People with hearing loss who are not using a hearing aid may have a higher risk of dementia than people without hearing loss, research suggests.
But according to the new study, using a hearing aid may reduce this risk to the same level as people without hearing loss.
Researchers suggest the findings indicate that the devices could be a cheap way to reduce the potential impact of hearing loss on dementia.
They add that they also highlight the urgent need for the early introduction of hearing aids when someone starts to experience hearing impairment.
Professor Dongshan Zhu, from Shandong University, China, said: “The evidence is building that hearing loss may be the most impactful modifiable risk factor for dementia in mid-life, but the effectiveness of hearing aid use on reducing the risk of dementia in the real world has remained unclear.
“Our study provides the best evidence to date to suggest that hearing aids could be a minimally invasive, cost-effective treatment to mitigate the potential impact of hearing loss on dementia.”
The researchers looked at data from 437,704 people who were part of the UK Biobank study.
The average age of those recruited to the study was 56 years old, and the average follow-up time was 12 years.
According to the study, around three-quarters of people (325,882) had no hearing loss, and the remaining one-quarter (111,822) had some level of hearing loss.
Among those with hearing loss, 11.7% (13,092/111,822) used hearing aids.
The researchers found that compared to people with normal hearing, those with hearing loss not using hearing aids had a 42% higher risk of all-cause dementia.
There was no increased risk in people who used hearing aids.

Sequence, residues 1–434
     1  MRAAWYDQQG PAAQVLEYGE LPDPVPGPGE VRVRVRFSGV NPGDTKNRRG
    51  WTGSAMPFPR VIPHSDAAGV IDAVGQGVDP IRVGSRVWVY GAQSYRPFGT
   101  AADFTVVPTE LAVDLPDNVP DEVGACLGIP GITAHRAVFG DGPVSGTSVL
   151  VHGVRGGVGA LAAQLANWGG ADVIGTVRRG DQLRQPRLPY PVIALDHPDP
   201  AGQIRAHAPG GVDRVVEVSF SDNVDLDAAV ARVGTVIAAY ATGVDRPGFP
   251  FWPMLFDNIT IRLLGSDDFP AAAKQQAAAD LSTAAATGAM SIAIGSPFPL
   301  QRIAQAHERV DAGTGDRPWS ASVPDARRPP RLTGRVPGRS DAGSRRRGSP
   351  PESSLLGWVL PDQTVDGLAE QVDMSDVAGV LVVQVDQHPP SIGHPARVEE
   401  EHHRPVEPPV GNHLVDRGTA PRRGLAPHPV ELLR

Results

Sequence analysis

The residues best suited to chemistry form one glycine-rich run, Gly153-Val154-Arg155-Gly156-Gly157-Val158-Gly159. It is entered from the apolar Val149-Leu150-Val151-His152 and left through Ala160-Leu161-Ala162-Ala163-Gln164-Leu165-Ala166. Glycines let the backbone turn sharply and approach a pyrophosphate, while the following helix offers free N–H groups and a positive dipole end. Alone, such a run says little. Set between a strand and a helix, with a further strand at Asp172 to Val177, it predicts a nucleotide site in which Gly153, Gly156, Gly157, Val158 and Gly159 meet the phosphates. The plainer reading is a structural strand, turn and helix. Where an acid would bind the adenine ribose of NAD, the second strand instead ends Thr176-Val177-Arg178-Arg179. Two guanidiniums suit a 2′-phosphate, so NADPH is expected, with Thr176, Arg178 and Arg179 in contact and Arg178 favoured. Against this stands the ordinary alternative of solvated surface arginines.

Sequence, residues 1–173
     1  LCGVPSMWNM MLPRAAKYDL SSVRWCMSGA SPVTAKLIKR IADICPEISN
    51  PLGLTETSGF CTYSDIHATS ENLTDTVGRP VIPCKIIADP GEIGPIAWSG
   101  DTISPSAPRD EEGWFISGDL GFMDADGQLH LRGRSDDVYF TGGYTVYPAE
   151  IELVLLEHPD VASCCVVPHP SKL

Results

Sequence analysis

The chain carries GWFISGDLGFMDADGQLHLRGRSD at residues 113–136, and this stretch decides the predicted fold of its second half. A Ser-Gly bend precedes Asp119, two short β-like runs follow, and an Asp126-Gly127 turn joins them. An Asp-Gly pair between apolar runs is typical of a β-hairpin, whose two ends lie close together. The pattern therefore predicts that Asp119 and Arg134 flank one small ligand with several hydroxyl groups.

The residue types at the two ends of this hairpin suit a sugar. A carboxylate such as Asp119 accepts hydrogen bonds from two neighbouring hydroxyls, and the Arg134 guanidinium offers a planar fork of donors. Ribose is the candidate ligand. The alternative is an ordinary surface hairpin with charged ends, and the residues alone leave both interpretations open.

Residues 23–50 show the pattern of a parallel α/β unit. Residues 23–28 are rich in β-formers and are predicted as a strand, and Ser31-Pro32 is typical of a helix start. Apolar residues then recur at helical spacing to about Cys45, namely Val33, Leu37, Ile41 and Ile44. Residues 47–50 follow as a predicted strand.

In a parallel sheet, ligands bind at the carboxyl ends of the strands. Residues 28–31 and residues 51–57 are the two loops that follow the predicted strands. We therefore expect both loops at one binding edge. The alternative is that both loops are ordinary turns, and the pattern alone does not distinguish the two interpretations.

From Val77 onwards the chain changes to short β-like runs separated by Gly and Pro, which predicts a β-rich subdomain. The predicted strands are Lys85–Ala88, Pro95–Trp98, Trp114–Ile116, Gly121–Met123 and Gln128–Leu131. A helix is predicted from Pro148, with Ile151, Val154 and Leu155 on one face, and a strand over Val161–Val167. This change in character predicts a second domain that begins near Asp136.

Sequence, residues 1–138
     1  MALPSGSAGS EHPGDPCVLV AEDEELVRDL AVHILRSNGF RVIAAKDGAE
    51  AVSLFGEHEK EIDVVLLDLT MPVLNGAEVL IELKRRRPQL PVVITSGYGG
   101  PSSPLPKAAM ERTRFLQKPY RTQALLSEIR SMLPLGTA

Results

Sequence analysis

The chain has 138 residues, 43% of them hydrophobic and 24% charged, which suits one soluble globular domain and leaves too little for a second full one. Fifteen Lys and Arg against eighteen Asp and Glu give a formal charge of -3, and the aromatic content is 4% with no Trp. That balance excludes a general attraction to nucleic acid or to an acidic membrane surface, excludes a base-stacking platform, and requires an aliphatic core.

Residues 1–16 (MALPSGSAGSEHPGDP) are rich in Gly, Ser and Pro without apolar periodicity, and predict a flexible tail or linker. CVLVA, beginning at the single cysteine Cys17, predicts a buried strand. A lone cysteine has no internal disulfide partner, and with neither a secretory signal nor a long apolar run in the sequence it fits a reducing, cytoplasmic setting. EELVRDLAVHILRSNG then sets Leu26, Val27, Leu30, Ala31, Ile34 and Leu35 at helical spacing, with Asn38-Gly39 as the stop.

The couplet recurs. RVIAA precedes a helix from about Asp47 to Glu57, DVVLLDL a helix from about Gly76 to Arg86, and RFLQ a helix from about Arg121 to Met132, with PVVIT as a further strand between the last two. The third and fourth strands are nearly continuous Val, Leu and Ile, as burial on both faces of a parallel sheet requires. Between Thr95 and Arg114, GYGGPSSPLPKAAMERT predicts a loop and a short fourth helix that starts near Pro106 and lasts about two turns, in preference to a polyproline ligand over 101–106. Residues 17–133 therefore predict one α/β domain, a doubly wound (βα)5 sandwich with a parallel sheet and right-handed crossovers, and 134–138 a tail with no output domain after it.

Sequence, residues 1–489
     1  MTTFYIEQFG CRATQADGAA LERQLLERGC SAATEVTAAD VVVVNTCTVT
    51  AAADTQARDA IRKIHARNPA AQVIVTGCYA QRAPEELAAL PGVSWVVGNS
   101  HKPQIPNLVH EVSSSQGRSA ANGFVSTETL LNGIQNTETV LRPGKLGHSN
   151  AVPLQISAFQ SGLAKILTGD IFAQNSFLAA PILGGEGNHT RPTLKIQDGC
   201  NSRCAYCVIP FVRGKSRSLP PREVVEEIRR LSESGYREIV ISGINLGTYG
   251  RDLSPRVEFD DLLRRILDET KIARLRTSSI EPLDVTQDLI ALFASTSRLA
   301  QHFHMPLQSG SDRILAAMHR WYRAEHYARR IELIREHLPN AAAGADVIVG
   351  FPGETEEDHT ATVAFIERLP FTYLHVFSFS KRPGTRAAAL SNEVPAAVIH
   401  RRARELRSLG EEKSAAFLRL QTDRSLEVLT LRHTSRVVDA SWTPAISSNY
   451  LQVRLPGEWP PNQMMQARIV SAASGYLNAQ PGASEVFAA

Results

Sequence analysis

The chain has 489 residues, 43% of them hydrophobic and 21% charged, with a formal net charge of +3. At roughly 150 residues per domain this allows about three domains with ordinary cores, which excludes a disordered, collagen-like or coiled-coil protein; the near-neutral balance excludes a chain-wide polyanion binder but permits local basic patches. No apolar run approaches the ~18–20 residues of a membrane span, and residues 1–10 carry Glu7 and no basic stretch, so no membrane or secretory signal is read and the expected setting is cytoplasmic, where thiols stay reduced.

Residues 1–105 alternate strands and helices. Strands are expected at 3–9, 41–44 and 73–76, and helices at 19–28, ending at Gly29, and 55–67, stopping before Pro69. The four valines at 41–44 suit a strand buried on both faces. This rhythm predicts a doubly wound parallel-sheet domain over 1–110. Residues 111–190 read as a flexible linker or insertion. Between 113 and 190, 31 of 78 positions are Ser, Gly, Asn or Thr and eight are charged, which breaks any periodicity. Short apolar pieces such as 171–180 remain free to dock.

This is approximately equivalent to a 1.7% risk of dementia in people with hearing loss who are not using hearing aids, compared to 1.2% among those without hearing loss or who are experiencing hearing loss but using the devices.
Prof Zhu said: “Close to four-fifths of people experiencing hearing loss do not use hearing aids in the UK
“Hearing loss may begin early in one’s 40s, and there is evidence that gradual cognitive decline before a dementia diagnosis can last 20 to 25 years.
“Our findings highlight the urgent need for the early introduction of hearing aids when someone starts to experience hearing impairment.
“A group effort from across society is necessary, including raising awareness of hearing loss and the potential links with dementia, increasing accessibility to hearing aids by reducing cost, and more support for primary care workers to screen for hearing impairment, raise awareness, and deliver treatment such as fitting hearing aids.”
The study also looked at how other factors, including loneliness, social isolation, and depressive symptoms, might impact the association between hearing loss and dementia.
The findings, published in The Lancet Public Health journal, indicate that less than 8% of the association between hearing aid use and decreased dementia risk could be removed by improving psychosocial problems.
The authors say this indicates the association between hearing aid use and protection from increased dementia is likely mostly due to direct effects from hearing aids rather than the investigated indirect causes.
Dr Charles Marshall, clinical senior lecturer in neurology, preventive neurology unit, Queen Mary University of London (QMUL), said: “Hearing aids produce slightly distorted sound, and the brain has to adapt to this in order for hearing aids to be helpful.
“People who are at risk of developing dementia in the future may have early changes in their brain that impair this adaptation, and this may lead to them choosing to not use hearing aids.
“This would confound the association, creating the appearance that hearing aids were reducing dementia risk, when actually their use was just identifying people with relatively healthy brains.
“Hopefully the evidence from this paper will lead to randomised trials of hearing aid use that will provide a stronger foundation for public health advice about whether correcting hearing loss might help to prevent dementia.”
Robert Howard, professor of old age psychiatry, UCL, said: “This is a large and well-conducted study, but we should always remember that association is not the same as causation.”
He added: “I’m sceptical that use of hearing aids can be considered to prevent dementia. It seems more plausible to me that the association reflects that individuals on their way to developing dementia struggle to take up or use hearing aids.
“But hearing aids are important in reducing isolation and increasing quality of life, so we should encourage their use anyway.”